Kentucky Sees Boom in Prison Population

Posted on September 20, 2017

     More and more people in Kentucky are going to prison for lesser offenses. That was the message today from the Crime and Justice Institute as it testified before the Criminal Justice Policy Assessment Council Reinvestment Initiative Work Group. The Group heard about the high rate of imprisonment in Kentucky for drug possession and lower-level offenses. A representative from the Institute told members of the Group the increase in imprisonment in the state is way above the national average and not in line with the state’s crime rate.

     Felicity Rose, a senior associate at the Institute, gave Group members a detailed breakdown of Kentucky’s prison population and how much the booming population is costing taxpayers. Rose pointed out Kentucky spends millions more than neighboring states to house inmates. For example, she says reducing Kentucky’s prison population to West Virginia’s level could save the state more than $80 million and the state could save $60.3 million if the population were decreased to Indiana’s level.

     Instead of decreasing the imprisonment rate in Kentucky, Rose testified the state saw a 32 percent growth in admissions from 2012 to 2016. Rose called the climb surprising. “That’s quite a bit of growth for five years, compared to what we see in most states,” she testified. She said the increase came as violent crimes in Kentucky declined by 3 percent and property crimes dropped 15 percent. The big increase was due to a spike in drug and Class D felony sentences (those are crimes like drug possession, theft or wanton endangerment). Seven of the top 10 offenses committed by inmates in custody of the Department of Corrections were drug or property crimes. “It’s pretty unusual to see that much nonviolent crime on the list,” said Rose.

     The growth in state prisoners was in both new inmates and those sent back to prison after a judge revoked parole. Rose told members of the Work Group that the greatest increase was due to drug convictions, up 29 percent from 2012 to 2016. Nearly half of those new drug convictions, 41 percent, were for possession while 43 percent were sentenced for trafficking. Rose said 72 percent of the new inmates convicted on a drug charge only had that one felony on their record. John Tilley, secretary of the Justice and Public Safety Cabinet, questioned why Kentucky would treat drug possession as a felony. “Possession denotes addiction,” said Tilley. “Why would prison or jail be the answer?”

     Nearly all inmates imprisoned for parole violations in Kentucky had it revoked due to technical violations. Rose testified 96 percent of Kentucky’s parole cases were revoked for that reason, way above what she said was a national average of 50 to 65 percent. Senator John Schickel (R-Union) questioned if “it’s really just enforcing that honor system” that he pointed out parole is based on. Rose told members of the Group that people in prison on drug offenses are most likely to be released on parole; however, they also end up spending more time collectively behind bars due to extended sentences caused by technical parole violations.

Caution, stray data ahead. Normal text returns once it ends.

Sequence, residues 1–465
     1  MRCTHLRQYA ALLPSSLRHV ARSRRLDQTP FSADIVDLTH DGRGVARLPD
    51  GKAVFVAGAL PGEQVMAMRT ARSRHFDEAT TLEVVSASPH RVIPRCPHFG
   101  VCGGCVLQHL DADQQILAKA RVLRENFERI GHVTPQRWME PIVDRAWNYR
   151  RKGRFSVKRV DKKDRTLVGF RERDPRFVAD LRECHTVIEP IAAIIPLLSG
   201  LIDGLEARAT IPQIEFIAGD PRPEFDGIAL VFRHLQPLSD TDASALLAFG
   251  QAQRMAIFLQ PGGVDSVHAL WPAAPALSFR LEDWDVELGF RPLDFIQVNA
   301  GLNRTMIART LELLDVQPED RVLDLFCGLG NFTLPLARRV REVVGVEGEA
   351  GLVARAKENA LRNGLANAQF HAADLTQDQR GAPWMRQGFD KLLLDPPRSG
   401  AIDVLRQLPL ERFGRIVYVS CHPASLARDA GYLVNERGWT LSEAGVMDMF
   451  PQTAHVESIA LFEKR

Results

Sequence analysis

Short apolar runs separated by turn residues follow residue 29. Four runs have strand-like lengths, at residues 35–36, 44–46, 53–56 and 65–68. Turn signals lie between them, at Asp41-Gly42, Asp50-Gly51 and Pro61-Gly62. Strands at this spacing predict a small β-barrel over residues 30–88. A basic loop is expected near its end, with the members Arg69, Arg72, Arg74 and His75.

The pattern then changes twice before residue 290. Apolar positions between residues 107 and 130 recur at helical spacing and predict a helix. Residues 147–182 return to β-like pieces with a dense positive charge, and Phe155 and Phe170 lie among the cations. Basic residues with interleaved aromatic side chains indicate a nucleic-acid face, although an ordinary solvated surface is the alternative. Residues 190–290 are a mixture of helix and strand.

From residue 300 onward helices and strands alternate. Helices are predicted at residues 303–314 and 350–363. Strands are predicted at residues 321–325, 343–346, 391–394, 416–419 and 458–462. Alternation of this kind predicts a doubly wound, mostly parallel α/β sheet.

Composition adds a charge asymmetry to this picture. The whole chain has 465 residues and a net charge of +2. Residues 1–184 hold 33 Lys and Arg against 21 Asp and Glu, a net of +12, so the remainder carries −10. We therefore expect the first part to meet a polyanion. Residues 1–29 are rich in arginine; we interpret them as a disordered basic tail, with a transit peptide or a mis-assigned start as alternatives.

Governor Bevin formed a Criminal Justice Policy Assessment Council (CJPAC) last year to study the state’s criminal code and recommend changes. CJPAC’s recommendations last year led to the passage of Senate Bill 120 in the 2017 Regular Session of the General Assembly. The criminal justice reform bill was a KLC initiative. On Wednesday, Rose told members of the Work Group that number is high with 49 percent of state inmates in local jails in 2016, a 31 percent increase from 2012. Rose said it costs about half the expense for the state to house inmates in local facilities. Bellevue Police Chief Wayne Turner is on the Work Group. He questioned how much money the state provides local jails to fund drug treatment programs for state inmates. “How can you provide treatment on $2 a day?” asked Turner, a member of the KLC Board of Directors.

     Kentucky has seen fewer inmates get shock probation – when inmates are granted parole after only 30 to 180 days into their sentence – in the past five years. Rose also testified the state has a higher female inmate population (13 percent) than the national average (7 percent). She testified the increase in drug offenses is driving the jump in females incarcerated. She also testified the state has seen a decline in the overall time a person spends behind bars, but she said that was due to the big jump in incarceration for drug and Class D felony crimes that have less mandatory time. The state also has a higher percentage of African-American inmates than the state population. In 2016, 21 percent of people in Department of Corrections custody were African-American while the African-American population in the state is only 8 percent.